a) That the owner shall not use the dwelling to carry on trade/business,

You are using the dwelling as a buy to let/rental business

b) That the owner shall use the property as a single private dwelling house only.

It's occupied by more than 1 family ie multiple unrelated to each other students

Jerry Stone

9:44 AM, 29th March 2016
About 3 years ago

At the end of the day Covenants are enforceable by way of an injunction.
It's a judgement are Norwich going to pursue an injunction to prevent you doing this?
I would think it highly unlikely.
It is an interesting area.
I had one council charge me a third of the value of a garden plot (14,500) to gain their permission to develop it but the adjacent council gave me the permission for free.

Hamish McBloggs

12:01 PM, 1st April 2016
About 3 years ago

Covenants are often odd and outdated and seem to me to reflect the state of the world both locally and generally at the time of their creation.

Our old family home near Heathrow (built late 1800's):

Can't turn it into a toll gate, place to sell beer or a brothel. But could operate as a solicitor or doctor. Didn't say anything about not letting it out (although the bank did) or running any other sort of business such as a butchers.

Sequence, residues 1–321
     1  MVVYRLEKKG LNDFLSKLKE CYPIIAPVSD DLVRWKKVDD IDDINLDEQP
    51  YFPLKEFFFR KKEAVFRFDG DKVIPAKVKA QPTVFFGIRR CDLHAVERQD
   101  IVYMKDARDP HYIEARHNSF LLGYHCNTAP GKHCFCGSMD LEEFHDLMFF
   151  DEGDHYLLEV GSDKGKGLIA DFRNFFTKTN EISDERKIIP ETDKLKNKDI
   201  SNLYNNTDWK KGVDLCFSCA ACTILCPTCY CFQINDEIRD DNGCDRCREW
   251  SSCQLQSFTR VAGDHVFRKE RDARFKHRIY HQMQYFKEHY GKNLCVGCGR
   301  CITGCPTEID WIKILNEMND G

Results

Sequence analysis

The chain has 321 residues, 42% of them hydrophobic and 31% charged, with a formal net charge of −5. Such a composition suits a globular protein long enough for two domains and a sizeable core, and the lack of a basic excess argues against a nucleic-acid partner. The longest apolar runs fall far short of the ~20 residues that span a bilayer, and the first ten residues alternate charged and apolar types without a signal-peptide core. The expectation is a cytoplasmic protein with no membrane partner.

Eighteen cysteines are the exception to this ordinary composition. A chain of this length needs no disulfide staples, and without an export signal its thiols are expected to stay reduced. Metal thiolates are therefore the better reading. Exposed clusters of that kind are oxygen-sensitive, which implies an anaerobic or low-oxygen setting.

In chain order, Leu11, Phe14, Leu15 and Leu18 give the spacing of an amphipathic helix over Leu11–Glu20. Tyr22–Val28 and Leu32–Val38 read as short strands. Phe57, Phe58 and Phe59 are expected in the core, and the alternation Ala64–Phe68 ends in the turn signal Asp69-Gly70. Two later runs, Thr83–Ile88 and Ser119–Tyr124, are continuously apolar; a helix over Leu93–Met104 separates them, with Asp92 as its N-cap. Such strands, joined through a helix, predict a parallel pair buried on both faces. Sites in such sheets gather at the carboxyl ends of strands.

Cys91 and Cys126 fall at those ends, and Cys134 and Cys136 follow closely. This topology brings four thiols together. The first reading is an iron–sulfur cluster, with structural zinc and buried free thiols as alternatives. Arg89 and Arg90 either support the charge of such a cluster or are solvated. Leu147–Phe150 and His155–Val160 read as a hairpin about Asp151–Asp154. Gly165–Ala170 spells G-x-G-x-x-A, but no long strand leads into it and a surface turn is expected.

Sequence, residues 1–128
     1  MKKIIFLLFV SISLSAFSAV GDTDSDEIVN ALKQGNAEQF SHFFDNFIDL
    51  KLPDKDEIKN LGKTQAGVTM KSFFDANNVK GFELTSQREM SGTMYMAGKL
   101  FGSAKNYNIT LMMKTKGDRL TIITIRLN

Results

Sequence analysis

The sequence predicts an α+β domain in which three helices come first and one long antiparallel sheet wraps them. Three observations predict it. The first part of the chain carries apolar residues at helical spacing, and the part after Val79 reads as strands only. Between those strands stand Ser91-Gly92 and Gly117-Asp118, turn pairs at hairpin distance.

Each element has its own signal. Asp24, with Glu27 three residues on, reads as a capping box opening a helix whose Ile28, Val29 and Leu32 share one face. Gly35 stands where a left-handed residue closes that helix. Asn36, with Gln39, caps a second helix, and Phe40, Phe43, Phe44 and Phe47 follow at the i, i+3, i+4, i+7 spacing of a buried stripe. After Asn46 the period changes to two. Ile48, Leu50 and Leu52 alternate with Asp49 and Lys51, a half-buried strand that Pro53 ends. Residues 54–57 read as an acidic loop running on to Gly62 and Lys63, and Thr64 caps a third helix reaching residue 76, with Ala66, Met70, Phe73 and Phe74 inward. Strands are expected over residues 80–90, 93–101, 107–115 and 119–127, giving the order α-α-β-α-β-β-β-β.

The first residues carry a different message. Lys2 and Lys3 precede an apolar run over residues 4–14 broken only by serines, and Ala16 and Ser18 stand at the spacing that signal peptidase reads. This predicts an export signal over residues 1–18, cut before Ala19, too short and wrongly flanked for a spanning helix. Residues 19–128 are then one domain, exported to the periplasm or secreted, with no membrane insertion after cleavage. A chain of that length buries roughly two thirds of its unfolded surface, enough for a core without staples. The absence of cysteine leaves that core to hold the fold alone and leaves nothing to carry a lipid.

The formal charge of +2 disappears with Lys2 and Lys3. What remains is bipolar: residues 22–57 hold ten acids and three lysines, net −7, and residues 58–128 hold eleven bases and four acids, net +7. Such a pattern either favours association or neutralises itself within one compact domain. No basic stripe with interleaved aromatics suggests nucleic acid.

Our current family home (built 1984 ish):

No external aerials. Whereas the rather cute wychert cottages next door can and having been built before television and radio (or should I say, wireless) were invented unsurprisingly have no such covenant. Houses round the corner built after our home also have no such covenant either however, these later houses are not permitted keep a caravan.

Oh, and we have to cut the grass once (or is it twice?) a week with no allowance for prevailing weather conditions.

One of our BTL's (circa 1960) covenants states that a fruit tree must be kept. The area on which the house was built was mainly apple orchard so I understand why it's there. But now it's mainly new builds and gardens paved over to provide parking for the second family car, ne (neigh?) horseless carriage.

A friend of ours is not allowed to moor an airship.

I am aware that my perspective is narrow and uneducated in mysterious legal ways but I thought that covenants, amongst their objectives are an attempt to keep an area's 'character' and in part a mild form of social engineering (engender neighbourliness).